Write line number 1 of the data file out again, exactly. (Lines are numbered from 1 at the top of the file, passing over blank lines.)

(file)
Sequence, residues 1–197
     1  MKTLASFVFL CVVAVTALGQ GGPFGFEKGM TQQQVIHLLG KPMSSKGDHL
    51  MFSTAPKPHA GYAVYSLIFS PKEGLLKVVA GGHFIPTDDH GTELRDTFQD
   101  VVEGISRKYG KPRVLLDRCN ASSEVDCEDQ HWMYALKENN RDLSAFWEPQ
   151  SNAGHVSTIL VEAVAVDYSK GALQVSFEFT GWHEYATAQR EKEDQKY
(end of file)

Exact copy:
Sequence, residues 1–197